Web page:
There’s also an informal Jewish dormitory for UCLA students who would like to live in a Jewish environment: the Westwood Bayit, a housing co-op that has a strictly kosher kitchen for both dairy and meat.

The Bayit is located within walking distance of UCLA’s campus, and it is co-ed.  It houses anywhere from 15 to 22 students at a time, according to Shalhevet alumnus Ben Steiner ’07, who lived in the Bayit for his sophomore and junior years at UCLA.

“It’s a great place to network with other Jews at UCLA,” said Ben in an interview. “If I had not lived at the Bayit, I wouldn’t have made the friends that I did.  It’s a community that looks out for itself.”

Shalhevet’s college counselor Dr. Steven Mercer said that of all the UCs, UCLA is the best choice for Jewish students.

“For a Modern-Orthodox family, I think UCLA has the strongest Jewish life of the UCs,” he added.  “It’s because of the number of Orthodox students, the amount of kosher food, and the types of Chabad and Hillel activities that the campus has.”

 

     At UC Berkeley, Shalhevet alumnus Ari Feuer ’12 describes his transition to practicing Judaism “seamless.”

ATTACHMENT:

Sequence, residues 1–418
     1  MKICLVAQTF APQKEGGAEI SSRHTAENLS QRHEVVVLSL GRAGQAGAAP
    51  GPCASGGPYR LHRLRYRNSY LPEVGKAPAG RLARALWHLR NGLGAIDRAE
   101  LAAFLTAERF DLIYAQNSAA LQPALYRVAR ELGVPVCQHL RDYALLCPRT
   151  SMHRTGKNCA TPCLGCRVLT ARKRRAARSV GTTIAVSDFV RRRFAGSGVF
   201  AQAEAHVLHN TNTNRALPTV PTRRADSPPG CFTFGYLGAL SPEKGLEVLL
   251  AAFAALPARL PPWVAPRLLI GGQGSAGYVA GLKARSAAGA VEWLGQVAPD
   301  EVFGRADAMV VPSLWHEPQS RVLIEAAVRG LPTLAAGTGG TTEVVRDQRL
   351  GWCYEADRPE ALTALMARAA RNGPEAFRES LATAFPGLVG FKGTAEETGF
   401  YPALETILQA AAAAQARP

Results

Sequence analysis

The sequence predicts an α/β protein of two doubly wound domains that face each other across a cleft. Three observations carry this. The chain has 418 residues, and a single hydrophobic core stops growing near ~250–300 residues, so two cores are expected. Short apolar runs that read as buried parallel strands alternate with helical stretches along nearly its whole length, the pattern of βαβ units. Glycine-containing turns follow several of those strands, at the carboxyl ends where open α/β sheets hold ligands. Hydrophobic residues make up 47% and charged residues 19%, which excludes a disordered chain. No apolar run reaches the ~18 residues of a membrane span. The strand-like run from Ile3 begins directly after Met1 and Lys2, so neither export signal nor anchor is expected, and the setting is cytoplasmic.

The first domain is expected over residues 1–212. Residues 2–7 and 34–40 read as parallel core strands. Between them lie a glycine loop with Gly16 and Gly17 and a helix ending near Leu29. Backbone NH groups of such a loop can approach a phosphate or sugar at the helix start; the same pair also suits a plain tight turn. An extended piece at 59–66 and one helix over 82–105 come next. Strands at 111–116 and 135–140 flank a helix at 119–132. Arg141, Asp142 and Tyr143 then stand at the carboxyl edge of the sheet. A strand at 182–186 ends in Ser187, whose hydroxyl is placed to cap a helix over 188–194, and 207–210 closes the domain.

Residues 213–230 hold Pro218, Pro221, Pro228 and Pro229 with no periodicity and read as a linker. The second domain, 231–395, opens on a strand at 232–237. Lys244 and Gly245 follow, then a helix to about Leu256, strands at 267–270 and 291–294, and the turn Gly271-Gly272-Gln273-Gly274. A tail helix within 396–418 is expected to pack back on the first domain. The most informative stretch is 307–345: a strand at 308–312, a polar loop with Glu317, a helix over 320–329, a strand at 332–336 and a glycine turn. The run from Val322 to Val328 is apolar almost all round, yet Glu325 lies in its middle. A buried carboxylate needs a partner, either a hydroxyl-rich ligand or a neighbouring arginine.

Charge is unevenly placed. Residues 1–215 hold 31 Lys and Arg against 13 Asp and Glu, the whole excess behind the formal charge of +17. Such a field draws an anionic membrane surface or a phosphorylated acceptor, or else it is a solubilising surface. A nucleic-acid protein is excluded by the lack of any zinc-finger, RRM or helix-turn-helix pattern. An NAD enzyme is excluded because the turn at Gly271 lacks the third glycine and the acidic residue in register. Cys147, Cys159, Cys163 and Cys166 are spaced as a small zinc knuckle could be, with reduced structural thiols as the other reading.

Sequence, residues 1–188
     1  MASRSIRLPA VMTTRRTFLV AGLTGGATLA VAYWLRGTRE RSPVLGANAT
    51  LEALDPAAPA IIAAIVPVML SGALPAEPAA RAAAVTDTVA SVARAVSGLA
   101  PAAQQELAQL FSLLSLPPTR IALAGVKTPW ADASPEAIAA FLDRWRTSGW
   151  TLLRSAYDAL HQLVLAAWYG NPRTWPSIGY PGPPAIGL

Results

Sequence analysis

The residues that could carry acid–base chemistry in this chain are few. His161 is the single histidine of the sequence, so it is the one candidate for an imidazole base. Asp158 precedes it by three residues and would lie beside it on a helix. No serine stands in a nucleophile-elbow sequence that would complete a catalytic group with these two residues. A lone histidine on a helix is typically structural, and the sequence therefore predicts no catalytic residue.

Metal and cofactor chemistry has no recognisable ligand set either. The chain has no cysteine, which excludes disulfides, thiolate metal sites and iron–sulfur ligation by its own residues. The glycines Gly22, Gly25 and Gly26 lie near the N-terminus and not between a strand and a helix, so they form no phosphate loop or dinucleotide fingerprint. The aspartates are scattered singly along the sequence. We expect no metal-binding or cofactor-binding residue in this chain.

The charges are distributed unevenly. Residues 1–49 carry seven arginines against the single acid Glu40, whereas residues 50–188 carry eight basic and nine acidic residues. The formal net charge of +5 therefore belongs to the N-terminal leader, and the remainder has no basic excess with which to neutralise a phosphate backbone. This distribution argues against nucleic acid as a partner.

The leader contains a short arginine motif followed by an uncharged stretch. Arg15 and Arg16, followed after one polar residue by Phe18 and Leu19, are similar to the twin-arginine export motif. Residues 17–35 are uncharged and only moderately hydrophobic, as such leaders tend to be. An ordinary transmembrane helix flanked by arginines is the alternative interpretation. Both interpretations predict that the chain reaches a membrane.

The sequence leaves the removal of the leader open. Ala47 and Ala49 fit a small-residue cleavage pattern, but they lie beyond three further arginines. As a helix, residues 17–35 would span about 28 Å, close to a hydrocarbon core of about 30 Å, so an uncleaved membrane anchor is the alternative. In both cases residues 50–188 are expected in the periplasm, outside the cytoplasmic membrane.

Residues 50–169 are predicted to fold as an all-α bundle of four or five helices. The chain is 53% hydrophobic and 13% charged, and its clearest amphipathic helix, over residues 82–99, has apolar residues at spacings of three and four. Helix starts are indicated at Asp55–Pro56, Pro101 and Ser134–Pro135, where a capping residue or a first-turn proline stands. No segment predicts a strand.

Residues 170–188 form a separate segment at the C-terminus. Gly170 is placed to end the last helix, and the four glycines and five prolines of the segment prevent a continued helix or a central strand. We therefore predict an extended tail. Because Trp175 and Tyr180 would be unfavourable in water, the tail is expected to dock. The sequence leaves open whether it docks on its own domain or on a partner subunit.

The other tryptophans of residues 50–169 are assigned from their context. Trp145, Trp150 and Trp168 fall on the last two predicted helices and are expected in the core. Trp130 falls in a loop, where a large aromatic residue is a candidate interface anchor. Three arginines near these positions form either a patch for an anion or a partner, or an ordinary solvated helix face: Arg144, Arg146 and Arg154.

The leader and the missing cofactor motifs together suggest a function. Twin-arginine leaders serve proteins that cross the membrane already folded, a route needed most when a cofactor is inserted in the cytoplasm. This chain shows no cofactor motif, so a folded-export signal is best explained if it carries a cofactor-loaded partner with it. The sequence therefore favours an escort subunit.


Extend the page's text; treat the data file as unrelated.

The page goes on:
“Admittedly, this probably stems from my connection to Judaism being more value-based than halakhic-based,” Ari wrote in an email to The Boiling Point.   “But I’ve met people that keep Shabbat and have not eaten non-kosher meat here for years.”

Hillel provides three free kosher meals a week to freshmen, and two for sophomores and upperclassmen. Chabad has Shabbat dinners every week and both Hillel and Chabad host High Holiday services.

There is also the Jewish Greek Council, which has events for Jews in the fraternity-sorority system, and the Jewish Student Union, which Ari describes as an umbrella organization for the smaller Jewish groups like the Greek Council and AEPi.

“AEPi includes Jews ranging from non-practicing to Modern Orthodox, so it’s more value-centered to cater to everyone,” Ari wrote.

“All these organizations really work to make sure all Jews on campus have multiple opportunities every week to connect with Judaism and/or other Jews.”

Berkeley doesn’t currently offer kosher food in its dorm cafeterias, but Shalhevet alumnus Ricky Spronz ’07 said the Hillel rabbi is working with the administration to change that for the 2013-14 school year.

Like UCLA, Berkeley also has a Jewish cooperative house, called the Berkeley Bayit.  Ricky, who is the brother of sophomore Rachel Spronz, is living there now.  He said it’s about a 10-minute walk from campus, is coed and currently houses 12 people.